“Offenses will come”. There are life circumstances so difficult that your practice, marriage and even very existence will be at risk. Life throws curve balls just when you’re hitting fastballs out of the park.
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How do you survive when your world is collapsing? How does your profession, any profession, overcome the impossible? Is it worth it?
Six and a half years ago an avalanche of pain and despair invaded my wonderful life. I couldn’t fix it and even today, it is gone unrepaired. My wife, Carol, received a call from a frantic teenager. She was using our daughter’s cell phone to tell us that Kristin, our 19-year-old daughter, was on her way to an emergency room. She was unconscious and unresponsive. Kristin was driving, with her friend from a dinner party when she mentioned that her face was numb. She started driving erratically and her friend implored her to pull over. Kristen managed to stop the truck, grabbing the door latch and falling out of the truck into the highway. A passerby helped Kristin’s friend get her off the road then called 911.
The paramedics were transporting Kristin when her friend made the call to Carol. Family arrived, almost simultaneously, at the emergency room to discover that Kristin had a brain hemorrhage. An arterio-venous malformation in her brain had caused an aneurysm and the artery wall couldn’t hold the pressure.
After surgery, and three days of agonizing despair, the neurosurgeon informed our family that there was no hope of recovery. She died that night. With her death came emotions that I am not able to describe. I’ve attempted, many times, to describe the difficult life experience associated with losing a child. I have failed miserably to accurately communicate how it affects a parent.
During and after the funeral, the shock of the event allowed Carol and I to remain calm, and collected. We had things to be done. The passage of time brought reality. She wasn’t coming back. Our other children were willing to help. In looking back, we did a poor job of actually helping them as they were helping us. Only days, perhaps weeks had passed and we realized that we were actually quite dysfunctional. Achievement requires motivation. Our motivation was sabotaged. When your day begins with a decision on getting out of bed, the rest of the day doesn’t go so well.
It would take much more room than I have here to describe what has happened over the last six years that have been serious roadblocks to recovering function and ultimately, real achievement in my work. Carol and I now walk with an emotional and even spiritual limp, but we walk and even run at times. It’s not smooth or even pretty at times, but we’re quite functional. We had to function in short bursts.
We had to learn how to task for short periods of time. I no longer had long-term goals. Sometimes my long-term goals were one hour. Sometimes we had to make it through the next few minutes; a few more and on, and on. A former divorce did not affect me like this. Financial collapse did not affect me like this. A handicapped older child did not affect me like this.
This event brought me to the point of surrender. I couldn’t fix it and move on. I could only live with it and keep moving. Yes, I gained weight. Yes, I became short tempered. Yes, I became intolerant. However, Carol and I are still very happily married and best friends. All the kids and grandkids are well financially and physically. Our businesses are thriving. Our faith is strong. Our relationships with other people almost all survived.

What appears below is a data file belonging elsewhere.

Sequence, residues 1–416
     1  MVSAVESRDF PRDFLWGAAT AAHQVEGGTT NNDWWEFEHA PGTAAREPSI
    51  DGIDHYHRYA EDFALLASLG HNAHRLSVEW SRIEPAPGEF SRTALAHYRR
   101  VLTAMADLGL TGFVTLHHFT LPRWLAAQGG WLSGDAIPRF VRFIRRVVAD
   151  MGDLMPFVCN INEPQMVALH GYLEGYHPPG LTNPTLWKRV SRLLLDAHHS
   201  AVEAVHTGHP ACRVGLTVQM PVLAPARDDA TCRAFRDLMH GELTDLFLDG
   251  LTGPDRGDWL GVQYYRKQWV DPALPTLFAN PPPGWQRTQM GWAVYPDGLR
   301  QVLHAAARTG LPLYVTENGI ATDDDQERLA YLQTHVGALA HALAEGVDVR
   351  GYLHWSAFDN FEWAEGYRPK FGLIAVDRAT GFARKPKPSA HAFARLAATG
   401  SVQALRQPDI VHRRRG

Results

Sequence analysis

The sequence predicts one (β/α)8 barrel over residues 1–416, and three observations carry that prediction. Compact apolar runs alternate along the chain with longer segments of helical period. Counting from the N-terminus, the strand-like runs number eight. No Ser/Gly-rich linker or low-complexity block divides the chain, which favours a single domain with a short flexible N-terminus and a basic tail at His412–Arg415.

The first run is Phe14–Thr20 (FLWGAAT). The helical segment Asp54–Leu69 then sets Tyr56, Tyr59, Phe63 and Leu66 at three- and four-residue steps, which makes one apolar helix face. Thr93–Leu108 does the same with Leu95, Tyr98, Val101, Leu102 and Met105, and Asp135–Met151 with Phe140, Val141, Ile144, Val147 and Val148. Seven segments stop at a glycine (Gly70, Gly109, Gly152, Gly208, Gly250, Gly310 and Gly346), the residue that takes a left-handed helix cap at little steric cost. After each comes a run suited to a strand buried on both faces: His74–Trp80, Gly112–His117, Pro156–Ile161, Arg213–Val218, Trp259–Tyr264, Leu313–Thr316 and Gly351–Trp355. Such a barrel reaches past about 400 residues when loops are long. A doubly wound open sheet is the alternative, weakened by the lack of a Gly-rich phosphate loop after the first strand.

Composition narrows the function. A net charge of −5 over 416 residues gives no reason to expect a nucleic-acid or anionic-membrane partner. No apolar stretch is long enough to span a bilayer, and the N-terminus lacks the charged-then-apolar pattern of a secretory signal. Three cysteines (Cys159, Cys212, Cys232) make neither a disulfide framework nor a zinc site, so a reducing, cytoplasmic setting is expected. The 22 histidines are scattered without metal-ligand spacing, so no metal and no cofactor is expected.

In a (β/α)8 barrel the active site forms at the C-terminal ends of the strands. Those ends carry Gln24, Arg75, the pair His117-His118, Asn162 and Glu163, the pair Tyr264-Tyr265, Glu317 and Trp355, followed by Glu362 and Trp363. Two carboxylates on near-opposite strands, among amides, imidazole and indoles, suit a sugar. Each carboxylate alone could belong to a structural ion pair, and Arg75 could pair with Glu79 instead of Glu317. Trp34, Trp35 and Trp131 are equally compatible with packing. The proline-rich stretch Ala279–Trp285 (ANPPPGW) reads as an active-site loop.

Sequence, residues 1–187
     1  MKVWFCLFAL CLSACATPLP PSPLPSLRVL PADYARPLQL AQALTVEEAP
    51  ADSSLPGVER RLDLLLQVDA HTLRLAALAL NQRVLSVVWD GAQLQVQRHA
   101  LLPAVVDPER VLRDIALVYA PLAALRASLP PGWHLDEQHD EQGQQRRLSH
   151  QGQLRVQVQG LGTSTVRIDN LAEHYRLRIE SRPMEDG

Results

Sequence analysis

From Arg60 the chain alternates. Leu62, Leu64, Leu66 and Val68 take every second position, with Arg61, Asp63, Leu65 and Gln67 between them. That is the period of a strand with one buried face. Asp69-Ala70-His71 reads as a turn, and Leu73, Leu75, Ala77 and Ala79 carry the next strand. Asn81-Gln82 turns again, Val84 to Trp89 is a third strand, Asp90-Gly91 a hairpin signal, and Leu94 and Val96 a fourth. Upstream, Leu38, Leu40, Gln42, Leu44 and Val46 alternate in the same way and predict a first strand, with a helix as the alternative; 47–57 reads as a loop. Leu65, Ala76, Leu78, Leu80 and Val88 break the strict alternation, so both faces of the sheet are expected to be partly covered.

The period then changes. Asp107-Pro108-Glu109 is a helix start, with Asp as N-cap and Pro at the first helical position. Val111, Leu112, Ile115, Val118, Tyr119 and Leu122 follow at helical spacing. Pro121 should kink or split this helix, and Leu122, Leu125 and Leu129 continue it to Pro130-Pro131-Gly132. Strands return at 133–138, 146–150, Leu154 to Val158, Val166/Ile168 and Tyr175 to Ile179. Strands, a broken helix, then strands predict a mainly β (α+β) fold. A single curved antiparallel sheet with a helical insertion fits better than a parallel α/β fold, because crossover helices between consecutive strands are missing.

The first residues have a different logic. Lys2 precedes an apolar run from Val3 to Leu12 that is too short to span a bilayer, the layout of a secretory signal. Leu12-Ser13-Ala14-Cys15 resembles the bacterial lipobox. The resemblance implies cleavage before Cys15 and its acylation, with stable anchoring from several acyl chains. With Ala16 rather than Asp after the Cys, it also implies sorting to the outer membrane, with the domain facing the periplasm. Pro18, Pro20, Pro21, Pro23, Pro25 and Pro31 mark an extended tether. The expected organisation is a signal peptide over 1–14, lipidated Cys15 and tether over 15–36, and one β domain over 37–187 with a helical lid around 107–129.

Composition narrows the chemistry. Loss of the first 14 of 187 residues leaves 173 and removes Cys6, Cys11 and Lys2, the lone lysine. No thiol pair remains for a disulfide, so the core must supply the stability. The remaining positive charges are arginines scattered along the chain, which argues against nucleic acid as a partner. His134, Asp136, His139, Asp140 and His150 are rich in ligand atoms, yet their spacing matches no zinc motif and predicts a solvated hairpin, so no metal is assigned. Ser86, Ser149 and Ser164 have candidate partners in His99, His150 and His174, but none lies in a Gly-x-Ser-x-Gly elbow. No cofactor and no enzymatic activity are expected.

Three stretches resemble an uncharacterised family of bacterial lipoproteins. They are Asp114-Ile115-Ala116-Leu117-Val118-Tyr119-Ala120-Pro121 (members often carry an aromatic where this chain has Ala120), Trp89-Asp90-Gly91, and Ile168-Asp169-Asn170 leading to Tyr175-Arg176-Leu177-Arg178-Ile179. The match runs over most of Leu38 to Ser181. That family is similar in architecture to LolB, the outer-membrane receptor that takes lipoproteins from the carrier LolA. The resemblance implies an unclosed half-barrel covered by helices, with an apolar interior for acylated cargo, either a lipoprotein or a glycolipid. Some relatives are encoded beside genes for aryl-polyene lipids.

If something major has happened to you and you’re struggling in confusion and difficulty, it is survivable. You can do this. It is likely that a series of events or even one major event will affect your ability to perform. You’re either going through extreme difficulty, will go through extreme difficulty, or have gone through extreme difficulty. You must still function. You must still plod forward.
Narrow your field of view so you can remain focused on the important issues. Block out distractions generated by people, circumstances and events. Other people are usually the source of roadblocks to continuing achievement, so you may have to avoid a few of them.
You still have to prospect for your practice. You still have to sell and deliver great products. You can shorten goals to weeks, days, hours, or even minutes. You can still have great relationships with the ones you love and achieve wonderful things in your work. You can overcome depression, if not get rid of it. You can overcome financial pressures, relationship pressures, physical difficulties, failures, and almost anything with a strong faith and an understanding that the future is still bright.
Life events are not always financial. However they can add financial stress to the equation. Many of them can’t be avoided. Self-employment requires self-motivation and that’s extremely difficult to maintain when your mind is invaded with worrisome distractions. The people you love are depending on you. It’s lonely and nobody understands, but they don’t have to understand. You’ve heard stories about strong people surviving huge setbacks. How do normal, every day people get through it all? With a quiet determination that they will not be defeated.
Since prospecting is an activity, it requires a clear and motivated state of mind, or it requires a determined spirit. A determined spirit will do if that’s all you can muster.
— Read Do Your Prospects Respect You? on ThinkAdvisor.